We leave Crotone in the middle of the night. Not because we’re being run out of town but because our bus for Rome is a redeye–we’ll wake to Rome’s groggy pre-tourist activity, to shopkeepers opening their stalls and business people taking shortcuts through the Basilica on their way to work. Until then, my Italian family stands at the bus depot waving goodbye to us, blowing kisses and demanding we visit again next summer. For a few minutes, a younger cousin climbs into the bus’ luggage compartment and says he’s coming with us.
In the last few hours of dinner and celebration, they’ve given us gift after gift: hand crotched lace typical of Calabria, a beautiful necklace from a Crotone-born jeweler, homemade walnut liquor that Zia Antonietta poured into two plastic water bottles so we wouldn’t raise the suspicions of Customs, a tray full of almond cookies, packages of Calabrian spicy red chili powder.
“Think of us when you use this,” Zia says. And, “Send us a postcard from time to time.” I assure her that we will stay in good contact, that we will visit again. I tell her I will think of her every time I wear the necklace. After having felt forgotten, after having lost so many family members who moved to the US for work only to find they never earned enough money to return, they are eager to know Zac and I won’t forget them, that we won’t be lost to the US as well.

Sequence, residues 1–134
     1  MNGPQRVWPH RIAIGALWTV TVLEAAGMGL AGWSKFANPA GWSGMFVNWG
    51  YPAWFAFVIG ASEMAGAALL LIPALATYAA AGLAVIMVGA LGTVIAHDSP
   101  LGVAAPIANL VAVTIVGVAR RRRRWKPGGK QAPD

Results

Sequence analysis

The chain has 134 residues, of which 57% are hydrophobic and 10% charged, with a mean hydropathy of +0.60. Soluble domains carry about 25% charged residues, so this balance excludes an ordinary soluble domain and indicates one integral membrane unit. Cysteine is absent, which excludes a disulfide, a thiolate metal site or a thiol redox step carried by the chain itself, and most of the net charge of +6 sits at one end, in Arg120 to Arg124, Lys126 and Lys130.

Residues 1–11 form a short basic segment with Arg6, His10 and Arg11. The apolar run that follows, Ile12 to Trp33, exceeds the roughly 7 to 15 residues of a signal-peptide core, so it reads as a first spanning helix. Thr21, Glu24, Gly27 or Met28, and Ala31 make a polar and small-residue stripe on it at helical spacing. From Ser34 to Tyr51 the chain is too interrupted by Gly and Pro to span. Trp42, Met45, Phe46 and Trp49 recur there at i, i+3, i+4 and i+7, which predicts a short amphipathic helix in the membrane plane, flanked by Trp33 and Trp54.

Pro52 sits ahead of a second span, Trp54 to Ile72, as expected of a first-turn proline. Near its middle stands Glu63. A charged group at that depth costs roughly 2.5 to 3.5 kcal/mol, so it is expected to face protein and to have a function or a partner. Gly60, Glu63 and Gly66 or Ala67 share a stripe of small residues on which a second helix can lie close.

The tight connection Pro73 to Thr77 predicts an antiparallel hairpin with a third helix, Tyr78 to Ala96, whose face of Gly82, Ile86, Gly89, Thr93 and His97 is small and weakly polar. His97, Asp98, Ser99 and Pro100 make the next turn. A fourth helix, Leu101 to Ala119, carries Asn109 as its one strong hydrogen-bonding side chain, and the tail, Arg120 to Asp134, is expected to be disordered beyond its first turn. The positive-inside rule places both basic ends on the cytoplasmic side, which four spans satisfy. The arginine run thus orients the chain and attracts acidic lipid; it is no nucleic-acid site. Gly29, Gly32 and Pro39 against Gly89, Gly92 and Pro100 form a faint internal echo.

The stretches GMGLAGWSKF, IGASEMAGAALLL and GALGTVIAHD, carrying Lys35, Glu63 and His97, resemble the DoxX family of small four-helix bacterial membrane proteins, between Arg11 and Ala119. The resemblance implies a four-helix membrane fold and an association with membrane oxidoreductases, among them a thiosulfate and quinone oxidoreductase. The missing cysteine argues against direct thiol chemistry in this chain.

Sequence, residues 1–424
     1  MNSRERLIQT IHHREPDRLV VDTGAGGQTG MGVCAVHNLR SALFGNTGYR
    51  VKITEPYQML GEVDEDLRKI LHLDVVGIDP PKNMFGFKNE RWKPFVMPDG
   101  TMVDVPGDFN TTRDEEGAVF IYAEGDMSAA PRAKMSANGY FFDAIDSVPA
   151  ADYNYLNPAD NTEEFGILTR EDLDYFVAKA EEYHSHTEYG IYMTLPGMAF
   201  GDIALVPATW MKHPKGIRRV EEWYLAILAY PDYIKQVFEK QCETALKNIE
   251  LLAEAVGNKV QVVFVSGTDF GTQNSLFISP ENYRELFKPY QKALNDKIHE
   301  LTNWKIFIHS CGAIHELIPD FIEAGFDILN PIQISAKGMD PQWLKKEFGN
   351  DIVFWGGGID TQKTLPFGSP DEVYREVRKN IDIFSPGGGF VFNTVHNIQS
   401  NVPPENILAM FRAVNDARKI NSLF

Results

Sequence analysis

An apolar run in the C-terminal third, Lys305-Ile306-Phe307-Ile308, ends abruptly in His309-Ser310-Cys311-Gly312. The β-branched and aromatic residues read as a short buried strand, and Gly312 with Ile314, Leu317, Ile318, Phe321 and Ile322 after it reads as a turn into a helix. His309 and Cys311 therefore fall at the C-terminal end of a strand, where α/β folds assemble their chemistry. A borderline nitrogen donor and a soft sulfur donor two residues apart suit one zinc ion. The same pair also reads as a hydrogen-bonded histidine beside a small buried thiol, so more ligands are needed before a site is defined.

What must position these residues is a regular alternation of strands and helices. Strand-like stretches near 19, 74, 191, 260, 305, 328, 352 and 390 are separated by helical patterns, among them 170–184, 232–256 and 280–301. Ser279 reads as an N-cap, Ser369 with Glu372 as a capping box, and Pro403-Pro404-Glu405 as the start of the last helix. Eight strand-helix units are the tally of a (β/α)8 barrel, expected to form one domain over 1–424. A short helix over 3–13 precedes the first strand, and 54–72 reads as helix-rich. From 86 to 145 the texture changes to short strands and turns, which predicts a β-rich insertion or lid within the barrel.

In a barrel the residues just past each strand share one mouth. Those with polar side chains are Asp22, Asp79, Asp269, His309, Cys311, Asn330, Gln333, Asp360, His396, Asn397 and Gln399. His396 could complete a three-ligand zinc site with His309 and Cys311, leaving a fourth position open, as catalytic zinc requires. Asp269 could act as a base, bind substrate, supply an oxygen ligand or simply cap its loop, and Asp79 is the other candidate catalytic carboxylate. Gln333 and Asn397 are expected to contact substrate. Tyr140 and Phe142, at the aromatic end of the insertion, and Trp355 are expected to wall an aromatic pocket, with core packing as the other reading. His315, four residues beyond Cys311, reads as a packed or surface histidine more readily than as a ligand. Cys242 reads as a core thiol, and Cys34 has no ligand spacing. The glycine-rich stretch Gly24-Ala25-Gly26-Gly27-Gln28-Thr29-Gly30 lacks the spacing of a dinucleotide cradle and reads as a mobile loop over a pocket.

And we’ve already started planning the next visit–maybe we could all rent a beach house on the Ionian for a few weeks next summer, maybe we could visit one of the family’s mountain homes or Patrizia’s home in Toscana. I assure everyone that we will work hard on our Italian and speak better by the time we return.
The best part of the trip: feeling so welcomed by everyone, seeing clear family resemblances: similar hair, a similar nose, similar eyes. The worst: struggling more than I would have hoped with my Italian. As Zac says after the bus pulls away, this trip was a real risk–flying halfway around the world to stay with people we’d never before met. But the payoff has been incredible.
Once we reach Rome, we’ll fly to Budapest, where Zac has a philosophy conference and where I plan to wander aimlessly for days on end, taking in some of Budapest’s famous mineral baths (hopefully they can cure overeating?). It will be a relaxing end to our European adventures. Until then, we bump along in the bus in the middle of the night leaving behind–only for now–my Italian family.